Research shows that imbalances within the gut microbiome may be associated with a wide range of medical ailments ranging from acute intestinal infections such as those caused by the bacterium C. difficile, to complex chronic conditions like inflammatory bowel disease and colorectal cancer (5). However, it is thought that modulation of the microbiome offers an exciting and largely unexplored therapeutic avenue to treating an array of infectious intestinal diseases and Multidrug Resistant Organism (MDRO) infections, as well as conditions linked to the brain and liver, metabolic diseases, and those in immuno-oncology.
EnteroBiotix, therefore, believes that one of the best established and most powerful means of modulating the microbiome is through Intestinal Microbiota Transfer (IMT), which involves the transfer of microbiome communities from a healthy person into the intestinal tract of another person suffering from a microbiome mediated condition (6). The company produces capsules that contain diverse ecosystems of microbiota obtained from healthy and rigorously screened donors, which provide a compositionally consistent, safer, and non-invasive alternative to current methods for transferring microbiota from donors to patients (1).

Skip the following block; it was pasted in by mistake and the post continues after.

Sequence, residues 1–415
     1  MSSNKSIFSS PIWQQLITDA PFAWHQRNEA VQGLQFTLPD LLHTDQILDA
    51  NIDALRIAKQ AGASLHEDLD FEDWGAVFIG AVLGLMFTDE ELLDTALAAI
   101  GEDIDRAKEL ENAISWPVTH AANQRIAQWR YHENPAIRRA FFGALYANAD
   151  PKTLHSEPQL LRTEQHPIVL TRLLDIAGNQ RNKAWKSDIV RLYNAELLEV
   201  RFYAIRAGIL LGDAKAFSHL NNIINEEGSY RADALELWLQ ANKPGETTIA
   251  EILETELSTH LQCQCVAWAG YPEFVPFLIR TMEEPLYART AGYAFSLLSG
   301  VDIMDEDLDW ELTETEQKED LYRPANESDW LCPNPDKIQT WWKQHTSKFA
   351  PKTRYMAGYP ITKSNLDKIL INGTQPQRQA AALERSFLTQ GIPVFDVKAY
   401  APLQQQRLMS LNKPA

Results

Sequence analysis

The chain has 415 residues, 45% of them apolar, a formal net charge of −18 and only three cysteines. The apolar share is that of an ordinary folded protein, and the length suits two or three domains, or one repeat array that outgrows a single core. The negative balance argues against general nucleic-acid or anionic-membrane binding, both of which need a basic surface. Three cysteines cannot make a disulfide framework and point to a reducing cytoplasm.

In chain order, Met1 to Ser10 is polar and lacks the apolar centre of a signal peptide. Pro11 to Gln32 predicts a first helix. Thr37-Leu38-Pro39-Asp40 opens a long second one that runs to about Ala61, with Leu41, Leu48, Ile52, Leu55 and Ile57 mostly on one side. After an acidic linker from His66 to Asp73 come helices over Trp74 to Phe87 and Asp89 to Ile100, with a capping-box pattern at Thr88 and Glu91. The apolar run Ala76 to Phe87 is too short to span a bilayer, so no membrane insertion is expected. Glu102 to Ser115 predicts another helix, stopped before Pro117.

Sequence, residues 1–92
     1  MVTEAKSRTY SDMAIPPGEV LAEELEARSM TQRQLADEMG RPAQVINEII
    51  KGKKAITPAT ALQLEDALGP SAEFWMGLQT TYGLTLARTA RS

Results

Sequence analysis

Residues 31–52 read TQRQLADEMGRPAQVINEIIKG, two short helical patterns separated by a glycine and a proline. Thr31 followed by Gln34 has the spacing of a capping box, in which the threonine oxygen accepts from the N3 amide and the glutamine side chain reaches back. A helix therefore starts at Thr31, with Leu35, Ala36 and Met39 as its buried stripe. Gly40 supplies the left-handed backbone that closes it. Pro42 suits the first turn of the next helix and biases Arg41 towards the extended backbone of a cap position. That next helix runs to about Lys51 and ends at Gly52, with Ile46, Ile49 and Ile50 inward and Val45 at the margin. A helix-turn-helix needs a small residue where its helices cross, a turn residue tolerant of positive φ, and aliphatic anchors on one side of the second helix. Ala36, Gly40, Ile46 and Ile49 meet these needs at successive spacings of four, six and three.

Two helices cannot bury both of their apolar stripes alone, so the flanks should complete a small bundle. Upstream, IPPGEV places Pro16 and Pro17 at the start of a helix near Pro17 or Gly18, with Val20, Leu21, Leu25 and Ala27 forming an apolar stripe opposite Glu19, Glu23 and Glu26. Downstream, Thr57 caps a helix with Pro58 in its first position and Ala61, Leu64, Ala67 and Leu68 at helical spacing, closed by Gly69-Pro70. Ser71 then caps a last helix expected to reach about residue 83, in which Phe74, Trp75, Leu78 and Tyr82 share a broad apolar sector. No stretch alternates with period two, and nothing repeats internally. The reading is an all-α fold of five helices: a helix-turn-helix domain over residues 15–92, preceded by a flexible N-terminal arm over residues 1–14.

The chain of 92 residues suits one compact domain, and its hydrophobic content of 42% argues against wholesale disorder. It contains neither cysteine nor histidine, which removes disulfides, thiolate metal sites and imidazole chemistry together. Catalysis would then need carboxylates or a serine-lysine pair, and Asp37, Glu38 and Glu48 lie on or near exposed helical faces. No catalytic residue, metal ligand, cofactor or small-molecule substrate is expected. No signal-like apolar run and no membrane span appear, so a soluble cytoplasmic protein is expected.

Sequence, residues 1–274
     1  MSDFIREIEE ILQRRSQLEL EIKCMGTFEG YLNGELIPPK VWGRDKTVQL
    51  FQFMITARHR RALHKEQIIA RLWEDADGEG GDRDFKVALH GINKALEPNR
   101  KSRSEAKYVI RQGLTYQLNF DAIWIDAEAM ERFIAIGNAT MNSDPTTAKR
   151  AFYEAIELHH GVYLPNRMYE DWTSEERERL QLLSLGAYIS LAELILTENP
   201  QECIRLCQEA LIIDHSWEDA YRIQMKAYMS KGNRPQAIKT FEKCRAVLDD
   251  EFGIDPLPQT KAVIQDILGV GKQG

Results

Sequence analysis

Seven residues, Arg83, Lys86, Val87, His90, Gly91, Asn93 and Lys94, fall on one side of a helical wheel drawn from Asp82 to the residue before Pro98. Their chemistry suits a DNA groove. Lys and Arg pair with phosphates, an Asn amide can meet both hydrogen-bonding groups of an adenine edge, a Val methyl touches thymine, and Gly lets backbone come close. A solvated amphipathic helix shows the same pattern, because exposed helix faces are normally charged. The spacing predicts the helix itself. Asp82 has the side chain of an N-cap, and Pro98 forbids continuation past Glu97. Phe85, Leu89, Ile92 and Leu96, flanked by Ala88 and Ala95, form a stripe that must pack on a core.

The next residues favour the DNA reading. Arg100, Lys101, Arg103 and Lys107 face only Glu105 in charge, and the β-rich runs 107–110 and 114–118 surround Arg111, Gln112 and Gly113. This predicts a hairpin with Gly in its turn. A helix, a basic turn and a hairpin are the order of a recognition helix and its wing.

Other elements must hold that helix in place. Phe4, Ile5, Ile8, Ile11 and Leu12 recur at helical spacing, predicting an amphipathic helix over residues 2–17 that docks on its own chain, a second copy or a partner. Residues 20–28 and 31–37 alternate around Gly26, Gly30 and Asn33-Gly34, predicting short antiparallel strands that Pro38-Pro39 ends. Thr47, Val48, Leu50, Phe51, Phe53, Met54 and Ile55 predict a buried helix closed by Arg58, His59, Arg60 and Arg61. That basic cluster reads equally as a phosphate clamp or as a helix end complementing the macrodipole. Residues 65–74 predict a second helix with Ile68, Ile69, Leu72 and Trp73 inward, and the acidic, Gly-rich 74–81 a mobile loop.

IMT is a gold-standard therapeutic intervention for patients suffering from recurrent C. difficile infection (rCDI) and has shown promise in other diseases areas associated with substantial unmet clinical need (7). For example, this has also been demonstrated in indications that affect the liver such as liver cirrhosis, hepatic encephalopathy, and hepatitis (6). Globally, more than 90 randomized controlled trials (RCTs) investigating the therapeutic utility of IMT have been conducted in a wide array of patient populations suffering from extra-intestinal and intestinal diseases, all of which have consistently reported good efficacy and safety supporting this route of treatment (8).
EnteroBiotix has raised total funding of US$24 million (€22.5 million) over four rounds (4). In September 2021, the company secured US$21.5 million (€20.3 million) in a series A financing round to advance a pipeline of drugs targeting the microbiome (9). The funding round was led by Scottish investment firm Thairm Bio with investments from Scottish Enterprise, SIS Ventures, and US-based Kineticos Ventures. With these funds, EnteroBiotix will expand its headcount to 50, and advance its pipeline for multiple disease areas, as well as develop its in-house manufacturing capabilities. According to data derived from Crunchbase, venture capitalists invested US$1 billion (€94.3 million) into microbiome start-ups between 2015 to 2020 (10).